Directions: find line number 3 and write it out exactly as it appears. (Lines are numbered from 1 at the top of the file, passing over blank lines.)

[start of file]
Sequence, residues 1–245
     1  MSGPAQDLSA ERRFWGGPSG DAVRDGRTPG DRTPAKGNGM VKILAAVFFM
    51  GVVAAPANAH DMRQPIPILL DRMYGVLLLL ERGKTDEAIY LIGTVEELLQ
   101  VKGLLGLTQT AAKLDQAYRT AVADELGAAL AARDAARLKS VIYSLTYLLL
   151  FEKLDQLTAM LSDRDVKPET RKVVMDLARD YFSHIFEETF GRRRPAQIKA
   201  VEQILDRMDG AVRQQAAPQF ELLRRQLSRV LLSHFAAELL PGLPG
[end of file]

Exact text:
    51  GVVAAPANAH DMRQPIPILL DRMYGVLLLL ERGKTDEAIY LIGTVEELLQ